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 Table of Contents  
ORIGINAL ARTICLE
Year : 2022  |  Volume : 16  |  Issue : 3  |  Page : 178-184

Evaluation of Shonitasthapana karma of Yashtimadhu (Glycyrrhiza glabra linn.): An experimental study


Department of Dravyaguna Vigyana, National Institute of Ayurveda, Jaipur, Rajasthan, India

Date of Submission10-Mar-2021
Date of Decision29-Sep-2021
Date of Acceptance27-Dec-2021
Date of Web Publication28-Sep-2022

Correspondence Address:
Richa Khandelwal
4/144, Vidhyadhar Nagar, Jaipur, Rajasthan
India
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Source of Support: None, Conflict of Interest: None


DOI: 10.4103/joa.joa_67_21

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  Abstract 


Introduction: Many pharmacological actions have been mentioned in Ayurveda literature. However, there is no equality in understanding of these actions because of different commentator's view, so this study has been planned to reevaluate one such type of pharmacological action, shonita sthapana by an experimental method by seeing the effect of yashtimadhu on various blood parameters and coagulation profile in normal albino Wistar rats and Swiss albino mice. Methods: This study was conducted in two parts. The first experiment was done to evaluate the effect of madhuka on 18 normal albino Wistar rats by dividing three groups of 6 rats and giving carboxymethylcellulose (CMC) solution, 360 mg/kg madhuka powder, and 180 mg/kg madhuka powder, respectively. The second experiment was done to evaluate the effect of madhuka in 18 swiss albino mice by dividing them in three groups of 6 mice and giving CMC solution, 360 mg/kg madhuka powder and 180 mg/kg madhuka powder, respectively, for 23 days and aspirin at 600 mg/kg b.w. for last 7 days along with vehicle and drug. Different hematology analysis and coagulation profile were evaluated. Results: There is no any significant result was found for any parameter in the experiment. Conclusion: Yashtimadhu is not having any effect on blood parameters and coagulation profile in present experimental model.

Keywords: Blood components/parameters, coagulation, experimental study, Glycyrrhiza glabra linn, shonita-sthapana karma, yashtimadhu


How to cite this article:
Khandelwal R, Nathani S, Sharma G. Evaluation of Shonitasthapana karma of Yashtimadhu (Glycyrrhiza glabra linn.): An experimental study. J Ayurveda 2022;16:178-84

How to cite this URL:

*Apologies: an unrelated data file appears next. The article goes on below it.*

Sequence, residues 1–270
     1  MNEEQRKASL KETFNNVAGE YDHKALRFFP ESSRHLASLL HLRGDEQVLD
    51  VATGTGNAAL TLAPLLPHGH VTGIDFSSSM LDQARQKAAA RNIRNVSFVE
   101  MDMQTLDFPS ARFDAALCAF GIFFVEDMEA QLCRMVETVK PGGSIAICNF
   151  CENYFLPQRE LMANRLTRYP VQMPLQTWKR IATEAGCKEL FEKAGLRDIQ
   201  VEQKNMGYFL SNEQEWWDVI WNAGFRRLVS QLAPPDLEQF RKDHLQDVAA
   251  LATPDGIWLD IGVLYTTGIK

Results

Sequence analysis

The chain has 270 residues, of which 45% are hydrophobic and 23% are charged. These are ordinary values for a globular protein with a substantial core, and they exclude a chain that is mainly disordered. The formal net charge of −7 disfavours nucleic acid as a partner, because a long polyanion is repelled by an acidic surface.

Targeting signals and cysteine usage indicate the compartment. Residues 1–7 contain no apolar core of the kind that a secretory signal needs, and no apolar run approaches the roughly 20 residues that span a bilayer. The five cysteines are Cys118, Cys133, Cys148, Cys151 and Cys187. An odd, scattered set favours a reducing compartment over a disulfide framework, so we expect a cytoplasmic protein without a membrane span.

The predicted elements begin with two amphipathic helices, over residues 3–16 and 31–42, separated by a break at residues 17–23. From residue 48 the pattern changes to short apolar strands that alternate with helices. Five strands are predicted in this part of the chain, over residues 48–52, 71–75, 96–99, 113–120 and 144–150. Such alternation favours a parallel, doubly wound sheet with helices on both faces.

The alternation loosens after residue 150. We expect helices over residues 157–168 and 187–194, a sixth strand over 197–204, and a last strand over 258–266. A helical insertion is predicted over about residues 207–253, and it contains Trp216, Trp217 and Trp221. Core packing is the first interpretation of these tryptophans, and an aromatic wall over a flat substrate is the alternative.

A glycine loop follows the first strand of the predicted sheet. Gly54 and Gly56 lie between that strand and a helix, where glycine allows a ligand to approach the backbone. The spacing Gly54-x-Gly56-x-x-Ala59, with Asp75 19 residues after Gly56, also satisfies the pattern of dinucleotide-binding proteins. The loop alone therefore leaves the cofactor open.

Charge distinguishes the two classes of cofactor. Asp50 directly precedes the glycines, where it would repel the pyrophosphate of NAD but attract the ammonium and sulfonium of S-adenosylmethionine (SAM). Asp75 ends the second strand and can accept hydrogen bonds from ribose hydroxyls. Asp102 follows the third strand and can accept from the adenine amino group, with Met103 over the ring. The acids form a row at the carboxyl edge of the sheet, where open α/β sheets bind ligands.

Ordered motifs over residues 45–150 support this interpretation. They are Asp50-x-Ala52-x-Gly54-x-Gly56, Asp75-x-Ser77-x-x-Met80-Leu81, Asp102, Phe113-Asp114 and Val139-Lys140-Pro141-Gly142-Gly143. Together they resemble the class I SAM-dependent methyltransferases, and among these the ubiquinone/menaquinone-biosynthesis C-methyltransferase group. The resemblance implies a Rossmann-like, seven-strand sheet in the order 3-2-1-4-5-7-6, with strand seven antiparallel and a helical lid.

Khandelwal R, Nathani S, Sharma G. Evaluation of Shonitasthapana karma of Yashtimadhu (Glycyrrhiza glabra linn.): An experimental study. J Ayurveda [serial online] 2022 [cited 2022 Nov 29];16:178-84. Available from: http://www.journayu.in/text.asp?2022/16/3/178/357304




  Introduction Top


Ayurveda is the age-old science and has very enormous ancient literature of Sanskrit language. Many pharmacological actions are mentioned in ayurveda classics i.e., Deepana (appetite increasing), pachana (increases digestive fire), jeevaneeya (vitaliser), bhedana (cholagogue purgation), rechana (purgation), etc., A maximum of them were explained and understand well. But some of them are not easily understandable because different commentators gave their comments with different understandings. Hence, there are so much dissimilarities and confusion among vaidyas about these terminologies. Some examples of these type of terms are shonita-sthapana, vedana sthapana, etc., It is a need of time to reevaluate our principals by different experimental and clinical setups for easy understanding.

Shonita-sthapana term was reevaluated in this study by experimental methods. Shonita sthapana mahakashaya was mentioned in charaka samhita in chapter 4, shadvirechan shatashriteeya adhyaya.[1] The word shonita-sthapana is described by different commentators.

Chakrapani[2] and Shivadasa sena[3] interpret this as action which clears the impurities of blood and keep it in its natural form. Yogindranatha sena[3] and Ḍalhana[4] interpret it as the action which is related to coagulation. Gangadhara comprises both views in his statement. However, according to Indu, shonita-sthapana is which increases the blood and also keeps it in its natural form.[5] On the basis of these statements of commentators, it can be said that shonita-sthapana covers three areas – Rakta-prasadana – which clear the impurities or vitiation in the blood, Rakta-stambhana – which stop the bleeding conditions, Rakta-vardhana – which increases the blood.[6]

There are ten drugs mentioned in shonitasthapana mahakashaya – madhu, madhuka, rudhir, mocharasa, mritkapal, lodhra, gairika, priyangu, sharkara, and laja.[7]

Madhuka (Glycyrrhiza glabra Linn.) is the multifaceted drug which is indicated in various bleeding conditions as well as for various anabolic processes in the body. Yashtimadhu (G. glabra Linn.) is a very profoundly used medicine in Ayurveda classics. It is mentioned in 11 mahakashaya (a group of 10 drugs having the same pharmacological action) in charaka samhita among fifty mahakashaya.[8] It is mentioned in madhura skandha (group of drugs having sweet taste) also.[9] Among 36 groups of drugs (gana) of Sushruta samhita, it is included in 8 groups (Gana).[10] In Ashtanga Hridaya, yashtimadhu (G. glabra Linn.) has been included in ten ganas out of thirty-three Ganas.[11] It expresses that it is a broad-spectrum drug that is used very extensively in Ayurveda pharmacology.